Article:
Human geography


Human geography

Human geography is a branch of geography that focuses on the study of patterns and processes that shape human interaction with the environment, with particular reference to the causes and consequences of the spatial distribution of human activity on the Earth's surface.

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It encompasses human, political, cultural, social, and economic aspects of social sciences. While the major focus of human geography is not the physical landscape of the Earth (see physical geography), it is not possible to discuss human geography without going into the physical landscape on which human activities are being played out, and environmental geography is emerging as an important link between the two. Human geography is methodologically diverse using both qualitative methods and quantitative methods, including case studies, survey research, statistical analysis, and model building among others.Anything that is hand made is classed as human geography for example:house,shops,shools etc.

Fields of human geography

The main fields of study in human geography focus around the core fields of:
*Cultural geography is the study of cultural products and norms and their variation across and relations to spaces and places. It focuses on describing and analyzing the ways language, religion, economy, government, and other cultural phenomena vary or remain constant from one place to another and on explaining how humans function spatially [Jordan, Terry, Mona Domosh and Lester Rowntree (eds.); 1994; The Human Mosaic: A thematic introduction to cultural geography. HarperCollins: New York]
**Subfields include: Children's geographies, Sexuality and space, Animal Geographies, Language geography & Religion geography

*Development geography is the study of the Earth's geography with reference to the standard of living and quality of life of its human inhabitants.

*Economic geography is the study of the location, distribution and spatial organization of economic activities across the Earth. The subject matter investigated is strongly influenced by the researcher's methodological approach.
**Subfields include Marketing geography

*Health geography is the application of geographical information, perspectives, and methods to the study of health, disease, and health care.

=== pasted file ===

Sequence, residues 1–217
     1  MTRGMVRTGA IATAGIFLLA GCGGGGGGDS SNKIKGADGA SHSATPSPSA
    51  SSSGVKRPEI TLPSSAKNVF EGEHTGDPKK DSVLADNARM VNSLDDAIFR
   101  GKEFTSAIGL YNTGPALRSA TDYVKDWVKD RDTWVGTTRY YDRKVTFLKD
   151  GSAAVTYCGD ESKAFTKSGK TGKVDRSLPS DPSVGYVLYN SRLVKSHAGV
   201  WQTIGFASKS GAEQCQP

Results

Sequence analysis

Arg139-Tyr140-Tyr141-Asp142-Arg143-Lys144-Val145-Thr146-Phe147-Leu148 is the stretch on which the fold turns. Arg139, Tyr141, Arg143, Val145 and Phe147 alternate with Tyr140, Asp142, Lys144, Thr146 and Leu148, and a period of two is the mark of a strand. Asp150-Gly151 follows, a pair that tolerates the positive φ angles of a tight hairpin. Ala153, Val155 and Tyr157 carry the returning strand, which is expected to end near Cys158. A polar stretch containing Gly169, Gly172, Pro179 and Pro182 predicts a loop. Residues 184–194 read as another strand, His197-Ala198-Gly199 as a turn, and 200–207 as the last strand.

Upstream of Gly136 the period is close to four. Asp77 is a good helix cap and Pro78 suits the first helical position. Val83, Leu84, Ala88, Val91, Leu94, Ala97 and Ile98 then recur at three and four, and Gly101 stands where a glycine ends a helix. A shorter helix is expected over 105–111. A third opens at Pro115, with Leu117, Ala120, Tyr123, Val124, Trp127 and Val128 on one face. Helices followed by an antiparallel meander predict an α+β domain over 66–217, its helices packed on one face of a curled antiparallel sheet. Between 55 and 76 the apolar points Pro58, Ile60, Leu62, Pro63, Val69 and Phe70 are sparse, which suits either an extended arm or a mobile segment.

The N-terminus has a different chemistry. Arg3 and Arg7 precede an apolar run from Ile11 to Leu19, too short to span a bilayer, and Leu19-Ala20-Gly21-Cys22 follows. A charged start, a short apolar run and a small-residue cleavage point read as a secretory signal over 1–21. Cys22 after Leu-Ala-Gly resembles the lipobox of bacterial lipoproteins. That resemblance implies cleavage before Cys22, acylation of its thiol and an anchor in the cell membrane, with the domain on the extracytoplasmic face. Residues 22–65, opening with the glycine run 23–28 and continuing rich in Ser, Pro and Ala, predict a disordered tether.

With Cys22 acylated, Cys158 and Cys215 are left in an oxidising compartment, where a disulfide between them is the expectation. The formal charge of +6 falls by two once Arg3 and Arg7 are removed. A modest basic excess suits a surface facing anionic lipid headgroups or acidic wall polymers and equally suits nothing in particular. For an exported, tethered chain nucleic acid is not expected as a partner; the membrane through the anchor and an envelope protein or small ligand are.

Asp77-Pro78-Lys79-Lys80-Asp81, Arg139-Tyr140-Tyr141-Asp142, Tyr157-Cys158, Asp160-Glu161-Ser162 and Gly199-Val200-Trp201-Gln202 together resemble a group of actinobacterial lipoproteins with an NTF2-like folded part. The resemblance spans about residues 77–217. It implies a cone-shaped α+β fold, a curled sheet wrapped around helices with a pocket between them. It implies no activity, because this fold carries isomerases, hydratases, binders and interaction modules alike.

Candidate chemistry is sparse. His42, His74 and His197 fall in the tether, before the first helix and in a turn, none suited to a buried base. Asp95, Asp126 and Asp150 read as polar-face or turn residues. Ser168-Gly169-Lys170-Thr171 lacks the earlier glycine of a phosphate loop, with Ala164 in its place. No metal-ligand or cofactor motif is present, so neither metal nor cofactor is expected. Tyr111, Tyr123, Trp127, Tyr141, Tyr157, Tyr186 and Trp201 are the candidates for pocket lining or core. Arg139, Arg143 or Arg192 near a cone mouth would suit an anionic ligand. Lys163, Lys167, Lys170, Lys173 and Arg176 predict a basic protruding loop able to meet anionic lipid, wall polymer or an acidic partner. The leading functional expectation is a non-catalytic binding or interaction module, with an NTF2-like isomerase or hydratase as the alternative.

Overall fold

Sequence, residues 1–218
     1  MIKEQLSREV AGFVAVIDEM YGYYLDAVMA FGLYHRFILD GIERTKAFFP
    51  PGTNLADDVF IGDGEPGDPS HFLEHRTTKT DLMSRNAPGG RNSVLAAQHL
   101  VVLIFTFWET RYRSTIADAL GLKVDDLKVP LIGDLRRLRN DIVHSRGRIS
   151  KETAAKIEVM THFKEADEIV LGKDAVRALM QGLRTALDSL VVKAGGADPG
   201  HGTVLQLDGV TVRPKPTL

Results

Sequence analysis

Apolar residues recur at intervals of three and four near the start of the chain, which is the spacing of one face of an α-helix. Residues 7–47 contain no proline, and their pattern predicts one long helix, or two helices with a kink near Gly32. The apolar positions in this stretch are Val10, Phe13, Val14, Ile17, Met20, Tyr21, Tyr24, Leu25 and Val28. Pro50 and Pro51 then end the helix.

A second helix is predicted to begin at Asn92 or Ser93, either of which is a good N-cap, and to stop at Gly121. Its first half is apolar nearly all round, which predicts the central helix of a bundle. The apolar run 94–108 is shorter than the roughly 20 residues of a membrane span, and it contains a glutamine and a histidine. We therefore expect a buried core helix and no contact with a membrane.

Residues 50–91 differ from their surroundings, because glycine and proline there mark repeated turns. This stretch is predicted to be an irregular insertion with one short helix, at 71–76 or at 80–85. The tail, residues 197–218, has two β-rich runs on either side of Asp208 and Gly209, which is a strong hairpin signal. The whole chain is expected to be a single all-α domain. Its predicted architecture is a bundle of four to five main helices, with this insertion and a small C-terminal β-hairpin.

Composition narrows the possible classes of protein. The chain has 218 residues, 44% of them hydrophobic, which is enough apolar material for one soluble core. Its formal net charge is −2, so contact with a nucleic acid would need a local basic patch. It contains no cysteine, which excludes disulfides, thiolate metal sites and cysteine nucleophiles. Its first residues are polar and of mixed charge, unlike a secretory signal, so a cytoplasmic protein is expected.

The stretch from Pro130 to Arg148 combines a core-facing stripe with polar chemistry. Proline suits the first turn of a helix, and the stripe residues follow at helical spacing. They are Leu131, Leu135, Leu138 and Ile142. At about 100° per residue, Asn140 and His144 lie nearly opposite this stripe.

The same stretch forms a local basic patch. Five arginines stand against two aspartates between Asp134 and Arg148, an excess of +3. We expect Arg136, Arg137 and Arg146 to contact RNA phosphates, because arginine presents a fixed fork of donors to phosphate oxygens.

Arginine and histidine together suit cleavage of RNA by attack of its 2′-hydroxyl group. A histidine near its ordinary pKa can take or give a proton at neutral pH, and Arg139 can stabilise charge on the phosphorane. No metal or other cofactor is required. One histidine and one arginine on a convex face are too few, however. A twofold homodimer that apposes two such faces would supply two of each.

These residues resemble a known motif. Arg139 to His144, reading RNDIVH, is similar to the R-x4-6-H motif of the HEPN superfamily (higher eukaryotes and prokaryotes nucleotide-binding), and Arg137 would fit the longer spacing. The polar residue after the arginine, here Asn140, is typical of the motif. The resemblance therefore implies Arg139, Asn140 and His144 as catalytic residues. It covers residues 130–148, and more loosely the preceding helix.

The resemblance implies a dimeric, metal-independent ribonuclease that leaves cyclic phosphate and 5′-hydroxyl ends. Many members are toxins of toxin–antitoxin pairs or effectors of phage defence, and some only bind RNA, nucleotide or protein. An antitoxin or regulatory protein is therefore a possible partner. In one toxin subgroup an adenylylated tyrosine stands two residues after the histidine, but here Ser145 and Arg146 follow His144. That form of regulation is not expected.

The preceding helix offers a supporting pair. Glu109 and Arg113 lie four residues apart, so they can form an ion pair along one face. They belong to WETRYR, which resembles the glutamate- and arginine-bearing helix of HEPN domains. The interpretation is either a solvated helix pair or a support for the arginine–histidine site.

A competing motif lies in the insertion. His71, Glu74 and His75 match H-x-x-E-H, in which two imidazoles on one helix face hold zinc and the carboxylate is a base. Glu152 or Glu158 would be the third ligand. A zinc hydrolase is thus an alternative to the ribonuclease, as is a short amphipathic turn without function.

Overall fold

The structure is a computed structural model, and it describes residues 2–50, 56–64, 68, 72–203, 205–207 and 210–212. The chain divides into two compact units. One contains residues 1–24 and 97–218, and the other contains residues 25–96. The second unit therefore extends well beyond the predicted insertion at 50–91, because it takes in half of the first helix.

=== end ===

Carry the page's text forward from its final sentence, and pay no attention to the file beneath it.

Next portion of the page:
*Historical geography is the study of the human, physical, fictional, theoretical, and "real" geographies of the past. Historical geography studies a wide variety of issues and topics. A common theme is the study of the geographies of the past and how a place or region changes through time. Many historical geographers study geographical patterns through time, including how people have interacted with their environment, and created the cultural landscape.
**Subfields include Time geography

*Political geography is concerned with the study of both the spatially uneven outcomes of political processes and the ways in which political processes are themselves affected by spatial structures.
**Subfields include Electoral geography, Geopolitics, Strategic geography & Military geography

*Population geography is the study of the ways in which spatial variations in the distribution, composition, migration, and growth of populations are related to the nature of places. Population geography involves demography in a geographical perspective. It focuses on the characteristics of population distributions that change in a spatial context.

*Urban geography is the study of urban areas. That is the study of areas which have a high concentration of buildings and infrastructure. These are areas where the majority of economic activities are in the secondary sector and tertiary sectors. They probably have a high population density.

*Tourism geography is the study of travel and tourism as an industry, as a human activity, and especially as a place-based experience.
** Subfields include Transportation geography

Within each of the subfields various philosophical approach can be used in research therefore an urban geographer could be a Feminist or Marxist geographer etc. Such approaches are:
* Behavioral geography
* Critical geography
* Feminist geography
* Marxist geography
* Non-representational theory
* Poststructuralist geography
* Psychoanalytic geography

List of notable human geographers

* Carl Ritter (1779 – 1859) - Considered to be one of the founding fathers of modern geography and first chair in geography at the University of Berlin. Also noted for his use of organic analogy in his works.